Disentangling Israeli interests from the rubble of neocon "creative destruction" in the Middle East has become an urgent challenge for Israeli policy-makers. An America that seeks to reshape the region through an unsophisticated mixture of bombs and ballots, devoid of local contextual understanding, alliance-building or redressing of grievances, ultimately undermines both itself and Israel. The sight this week of Secretary of State Rice homeward bound, unable to touch down in any Arab capital, should have a sobering effect in Washington and Jerusalem.
Afghanistan is yet to be secured, Iraq is an exporter of instability and perhaps terror, too, Iranian hard-liners have been strengthened and encouraged, while the public throughout the region is ever-more radicalized, and in the yet-to-be "transformed" regimes of Egypt, Jordan and Saudi Arabia, is certainly more hostile to Israel and America than its leaders. Neither listening nor talking to important, if problematic, actors in the region has only impoverished policy-making capacity.
Israel does have enemies, interests and security imperatives, but there is no logic in the country volunteering itself for the frontline of an ideologically misguided and avoidable war of civilizations.
So what should be done, on both sides of the ocean?
It is admittedly difficult for Israel to have a regional strategy that is out-of-step with the U.S. administration-of-the-day. However, the neocon approach is not unchallenged, and Israel should not be providing its ticket back to the ascendancy. A U.S. return to proactive diplomacy, realism and multilateralism, with sustained and hard engagement that delivers concrete progress, would best serve its own, Israeli and regional interests. Israel should encourage this. Israel may even have to lead, for instance, in rethinking policy on Hamas or Syria, and should certainly work intensely with Palestinian Authority Chairman Mahmoud Abbas in encouraging his efforts to reach a Palestinian national understanding as a basis for stable governance, security quiet and future peace negotiations. A policy that comes with a Jerusalem kosher stamp of approval might be viewed as less of an abomination in Washington.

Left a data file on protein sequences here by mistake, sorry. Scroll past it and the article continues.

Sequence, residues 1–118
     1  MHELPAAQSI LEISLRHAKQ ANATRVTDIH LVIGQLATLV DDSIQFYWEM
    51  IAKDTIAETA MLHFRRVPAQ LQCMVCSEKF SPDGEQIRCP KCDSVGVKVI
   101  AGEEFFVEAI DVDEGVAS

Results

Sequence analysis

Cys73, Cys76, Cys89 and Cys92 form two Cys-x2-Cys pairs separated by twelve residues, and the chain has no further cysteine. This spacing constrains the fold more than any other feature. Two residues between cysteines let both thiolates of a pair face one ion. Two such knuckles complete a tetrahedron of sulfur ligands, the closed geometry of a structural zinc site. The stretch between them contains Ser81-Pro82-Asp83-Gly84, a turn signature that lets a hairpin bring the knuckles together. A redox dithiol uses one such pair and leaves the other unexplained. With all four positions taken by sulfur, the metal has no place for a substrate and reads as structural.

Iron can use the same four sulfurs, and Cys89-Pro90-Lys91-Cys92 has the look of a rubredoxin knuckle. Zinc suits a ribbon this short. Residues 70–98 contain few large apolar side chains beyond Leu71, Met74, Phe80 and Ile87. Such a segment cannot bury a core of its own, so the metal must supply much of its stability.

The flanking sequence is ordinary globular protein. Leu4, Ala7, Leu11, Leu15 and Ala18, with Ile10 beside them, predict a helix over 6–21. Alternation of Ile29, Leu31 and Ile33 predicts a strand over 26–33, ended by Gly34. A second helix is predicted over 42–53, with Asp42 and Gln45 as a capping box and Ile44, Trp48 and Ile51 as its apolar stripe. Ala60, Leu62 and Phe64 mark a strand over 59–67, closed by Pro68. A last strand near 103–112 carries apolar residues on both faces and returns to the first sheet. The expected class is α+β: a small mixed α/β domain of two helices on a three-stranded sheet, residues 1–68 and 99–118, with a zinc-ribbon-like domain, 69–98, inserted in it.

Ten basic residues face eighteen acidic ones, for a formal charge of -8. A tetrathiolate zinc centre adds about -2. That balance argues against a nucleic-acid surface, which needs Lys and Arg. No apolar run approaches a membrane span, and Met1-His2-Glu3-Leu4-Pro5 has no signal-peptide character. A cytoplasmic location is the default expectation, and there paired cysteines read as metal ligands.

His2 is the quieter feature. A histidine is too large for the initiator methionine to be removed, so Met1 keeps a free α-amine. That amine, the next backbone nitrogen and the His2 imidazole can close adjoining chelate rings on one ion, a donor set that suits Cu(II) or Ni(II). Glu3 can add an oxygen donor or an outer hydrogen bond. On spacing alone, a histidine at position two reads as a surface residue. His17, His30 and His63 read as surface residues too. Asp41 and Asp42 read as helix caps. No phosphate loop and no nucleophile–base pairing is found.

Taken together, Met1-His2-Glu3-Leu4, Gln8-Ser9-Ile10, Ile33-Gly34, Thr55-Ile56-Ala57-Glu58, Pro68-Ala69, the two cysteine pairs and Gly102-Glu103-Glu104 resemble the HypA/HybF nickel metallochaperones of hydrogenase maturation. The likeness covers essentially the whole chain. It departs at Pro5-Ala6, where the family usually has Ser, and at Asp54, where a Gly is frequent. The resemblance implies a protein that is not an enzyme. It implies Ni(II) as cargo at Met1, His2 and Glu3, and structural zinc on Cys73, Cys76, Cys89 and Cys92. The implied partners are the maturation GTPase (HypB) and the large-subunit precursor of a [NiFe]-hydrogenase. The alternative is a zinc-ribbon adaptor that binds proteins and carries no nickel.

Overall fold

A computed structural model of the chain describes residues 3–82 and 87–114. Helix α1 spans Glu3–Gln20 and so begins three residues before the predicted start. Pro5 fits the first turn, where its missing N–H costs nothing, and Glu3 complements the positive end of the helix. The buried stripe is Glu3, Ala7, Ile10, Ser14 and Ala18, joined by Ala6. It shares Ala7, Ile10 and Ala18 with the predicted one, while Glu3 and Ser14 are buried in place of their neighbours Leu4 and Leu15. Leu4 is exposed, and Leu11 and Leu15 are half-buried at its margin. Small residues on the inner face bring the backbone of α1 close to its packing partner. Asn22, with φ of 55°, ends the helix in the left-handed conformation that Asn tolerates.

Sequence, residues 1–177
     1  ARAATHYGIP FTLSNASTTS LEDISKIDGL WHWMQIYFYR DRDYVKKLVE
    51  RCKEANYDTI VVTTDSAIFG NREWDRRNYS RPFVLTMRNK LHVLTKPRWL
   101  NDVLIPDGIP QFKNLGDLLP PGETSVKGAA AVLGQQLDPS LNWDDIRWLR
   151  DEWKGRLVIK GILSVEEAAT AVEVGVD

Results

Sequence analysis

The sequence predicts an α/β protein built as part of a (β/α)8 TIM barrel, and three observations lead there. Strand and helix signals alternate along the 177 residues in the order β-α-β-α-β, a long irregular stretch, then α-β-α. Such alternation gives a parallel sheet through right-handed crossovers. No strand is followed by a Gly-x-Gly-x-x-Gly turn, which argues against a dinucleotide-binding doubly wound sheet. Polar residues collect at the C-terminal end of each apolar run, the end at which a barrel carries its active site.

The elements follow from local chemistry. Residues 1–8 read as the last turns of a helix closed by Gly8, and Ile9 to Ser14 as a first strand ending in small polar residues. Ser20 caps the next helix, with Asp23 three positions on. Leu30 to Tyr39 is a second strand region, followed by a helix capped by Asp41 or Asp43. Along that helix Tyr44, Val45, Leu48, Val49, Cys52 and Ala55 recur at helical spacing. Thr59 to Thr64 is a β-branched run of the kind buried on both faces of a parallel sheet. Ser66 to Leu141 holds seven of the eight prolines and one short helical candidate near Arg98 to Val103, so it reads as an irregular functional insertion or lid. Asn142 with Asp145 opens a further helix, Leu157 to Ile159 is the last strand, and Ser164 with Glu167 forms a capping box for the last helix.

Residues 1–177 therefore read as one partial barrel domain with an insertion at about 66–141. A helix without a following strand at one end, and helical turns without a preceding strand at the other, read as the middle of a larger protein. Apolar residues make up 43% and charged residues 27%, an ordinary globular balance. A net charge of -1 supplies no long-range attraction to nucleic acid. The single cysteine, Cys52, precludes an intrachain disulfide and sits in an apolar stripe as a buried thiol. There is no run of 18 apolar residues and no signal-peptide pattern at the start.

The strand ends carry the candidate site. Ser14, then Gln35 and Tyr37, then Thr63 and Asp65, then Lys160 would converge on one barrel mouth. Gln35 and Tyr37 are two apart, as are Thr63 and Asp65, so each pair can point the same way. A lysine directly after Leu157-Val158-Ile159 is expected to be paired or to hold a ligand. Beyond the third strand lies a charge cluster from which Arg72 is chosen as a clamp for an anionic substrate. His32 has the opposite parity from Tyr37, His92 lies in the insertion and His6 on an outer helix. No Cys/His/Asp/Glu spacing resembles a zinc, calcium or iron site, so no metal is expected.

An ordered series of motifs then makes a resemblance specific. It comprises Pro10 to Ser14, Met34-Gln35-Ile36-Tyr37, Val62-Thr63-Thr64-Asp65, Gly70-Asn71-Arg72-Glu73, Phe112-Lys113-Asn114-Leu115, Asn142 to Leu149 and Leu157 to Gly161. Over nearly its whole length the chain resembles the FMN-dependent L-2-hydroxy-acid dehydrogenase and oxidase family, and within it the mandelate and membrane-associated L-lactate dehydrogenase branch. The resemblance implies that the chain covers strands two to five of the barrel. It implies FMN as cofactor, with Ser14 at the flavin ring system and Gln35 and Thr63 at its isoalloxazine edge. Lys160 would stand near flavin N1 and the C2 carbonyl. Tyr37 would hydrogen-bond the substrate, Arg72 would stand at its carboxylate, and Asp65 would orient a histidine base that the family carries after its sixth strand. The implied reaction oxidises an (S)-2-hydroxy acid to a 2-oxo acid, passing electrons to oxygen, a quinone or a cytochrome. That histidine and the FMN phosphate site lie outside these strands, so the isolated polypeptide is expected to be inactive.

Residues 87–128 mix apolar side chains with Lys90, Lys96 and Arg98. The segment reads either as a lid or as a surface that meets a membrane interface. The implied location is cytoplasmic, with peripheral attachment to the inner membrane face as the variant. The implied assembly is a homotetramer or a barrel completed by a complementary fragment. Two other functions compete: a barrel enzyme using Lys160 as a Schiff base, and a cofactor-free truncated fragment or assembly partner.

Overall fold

Beyond that, Israel and its friends in the United States should seriously reconsider their alliances not only with the neocons, but also with the Christian Right. The largest "pro-Israel" lobby day during this crisis was mobilized by Pastor John Hagee and his Christians United For Israel, a believer in Armageddon with all its implications for a rather particular end to the Jewish story. This is just asking to become the mother of all dumb, self-defeating and morally abhorrent alliances.
Internationalist Republicans, Democrats and mainstream Israelis must construct an alternative narrative to the neocon nightmare, identifying shared interests in a policy that reestablishes American leadership, respect and credibility in the region by facilitating security and stability, pursuing conflict resolution and promoting the conditions for more open societies (as opposed to narrow election-worship). The last two years of the Bush presidency can be an opportunity for progress or an exercise in desperate damage limitation. It sounds counter-intuitive, but Israel should reflect on and even help reorient American expectations.
Daniel Levy was a member of the official Israeli negotiating team at the Oslo and Taba talks and the lead Israeli drafter of the Geneva Initiative.